The tell-tale symptoms of Covid-19 — a fever, cough and the loss of smell or taste — could be mistaken for the flu, which has similar effects and is much worse than a common cold.
This could cause confusion among the population. If they have the coronavirus, they may think they only have the flu if they have not been given a vaccine to protect them.
And dishing out the flu vaccine — which only 70 per cent of eligible NHS staff accepted last year — could prevent thousands of people from needing NHS treatment.
During the peak of Britain’s coronavirus crisis, around 3,500 people were being admitted to hospital with Covid-19 each day. The disease is estimated to be up to eight times deadlier than flu.
Studies have suggested any second wave will be deadlier than the first, adding to data showing the second bout of the 1918 Spanish flu pandemic was much more lethal than its predecessor.
Imperial College London modelling warned the death toll could have been closer to 500,000, had ministers let the virus spread uncontrollably through the nation.
Infectious disease experts say that because so few Britons have been struck down with Covid-19, which began to spiral out of control in the UK in March, the threat of a second wave is real.
Britain is also currently nowhere near having herd immunity to the coronavirus, with government testing surveys suggesting 5.4 per cent of people in England have had the illness.
This is equal to around 3.02million people. Sixty per cent coverage — thought to be the amount of the population needed for herd immunity — would be the equivalent of 33.6million people across the country.
Cold and flu viruses are known to thrive in the winter — and scientists fear the coronavirus may also prove to be more of a problem in the colder months.
Experts are cautious about whether Covid-19 poses a bigger threat in the winter, however. The disease has only been known to science for six months, meaning little is yet known about the pathogen.
COVID-19 VACCINE PLANS MOVING FORWARD WITH OXFORD’S ‘PROMISING’ RESULTS
Results from the first phase of clinical trials of Oxford’s vaccine were published on Tuesday in the British medical journal, The Lancet.
They revealed that the Covid-19 vaccine had been given to 543 people out of a group of 1,077.
The other half were given a meningitis jab so their reactions could be compared and scientists could be sure the effects of the coronavirus jab weren’t random.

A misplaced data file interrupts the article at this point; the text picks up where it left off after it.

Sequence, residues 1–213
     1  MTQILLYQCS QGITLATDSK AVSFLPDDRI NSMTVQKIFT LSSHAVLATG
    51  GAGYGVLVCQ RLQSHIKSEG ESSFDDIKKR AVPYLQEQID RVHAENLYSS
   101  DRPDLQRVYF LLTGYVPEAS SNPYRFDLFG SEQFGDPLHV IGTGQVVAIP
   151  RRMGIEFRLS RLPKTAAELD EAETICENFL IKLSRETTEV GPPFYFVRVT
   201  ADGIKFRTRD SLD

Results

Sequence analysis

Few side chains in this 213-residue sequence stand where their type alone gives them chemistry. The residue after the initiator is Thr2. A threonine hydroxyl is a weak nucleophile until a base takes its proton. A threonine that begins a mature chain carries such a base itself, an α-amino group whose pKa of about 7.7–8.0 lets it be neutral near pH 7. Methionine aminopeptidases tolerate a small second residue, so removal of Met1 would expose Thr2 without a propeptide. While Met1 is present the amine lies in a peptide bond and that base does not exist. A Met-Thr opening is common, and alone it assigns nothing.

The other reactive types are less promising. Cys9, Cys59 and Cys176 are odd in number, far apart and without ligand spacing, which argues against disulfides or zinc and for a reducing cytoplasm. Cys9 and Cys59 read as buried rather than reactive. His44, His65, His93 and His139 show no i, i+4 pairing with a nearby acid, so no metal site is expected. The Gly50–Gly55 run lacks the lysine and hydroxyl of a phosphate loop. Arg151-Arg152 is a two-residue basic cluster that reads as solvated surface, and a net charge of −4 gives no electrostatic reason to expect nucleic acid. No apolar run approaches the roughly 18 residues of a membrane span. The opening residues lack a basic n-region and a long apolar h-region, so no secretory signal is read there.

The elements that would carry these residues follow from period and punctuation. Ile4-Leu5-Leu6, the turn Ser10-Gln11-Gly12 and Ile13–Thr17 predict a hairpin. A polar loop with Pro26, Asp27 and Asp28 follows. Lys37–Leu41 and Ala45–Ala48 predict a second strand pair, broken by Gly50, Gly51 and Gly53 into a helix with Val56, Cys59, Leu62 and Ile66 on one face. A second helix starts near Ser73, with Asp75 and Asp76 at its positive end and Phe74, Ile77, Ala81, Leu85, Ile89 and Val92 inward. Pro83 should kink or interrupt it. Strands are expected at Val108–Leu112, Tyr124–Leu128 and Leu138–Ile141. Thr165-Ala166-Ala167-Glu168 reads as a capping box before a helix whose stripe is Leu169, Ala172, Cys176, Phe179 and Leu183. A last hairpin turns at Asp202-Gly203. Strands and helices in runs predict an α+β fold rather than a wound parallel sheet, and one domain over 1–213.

Researchers wanted to find out whether the vaccine boosted either of two types of immunity — antibodies, which are disease-fighting substances; and T-cell immunity, with T cells able to produce antibodies and also to attack viruses themselves.
The vaccine produced ‘strong’ responses on both accounts, the study found.
It showed that the T cell response aimed at the spike protein that appears on the outside of the coronavirus was ‘markedly increased’ in people who had had the jab, in tests of 43 of the participants. These responses peaked after 14 days and then declined before the end-point of the trial at 56 days.
Antibody immunity, on the other hand, peaked after four weeks and remained high by day 56, the point at which the last measurement was taken, meaning it may well last for even longer.
After 28 days, up to 100 per cent of a group of 35 people still had a strong enough ‘neutralising’ immune response to destroy the virus, researchers found.
A neutralising response means the immune system is able to destroy the virus and make it unable to infect the body.
The researchers could not test this on more people because they didn’t have enough time, they explained.
Scientists had to wait a month after vaccinating people, with many of them vaccinated in late May. And Sir Mene Pangalos, a vice-president of research and development at AstraZeneca, said the tests used were ‘very laborious’ so the team weren’t able to get more data in time for the paper.
Sir Mene added that the researchers were ‘veering towards a two-high-dose strategy’ because that seemed to be producing the strongest immune response.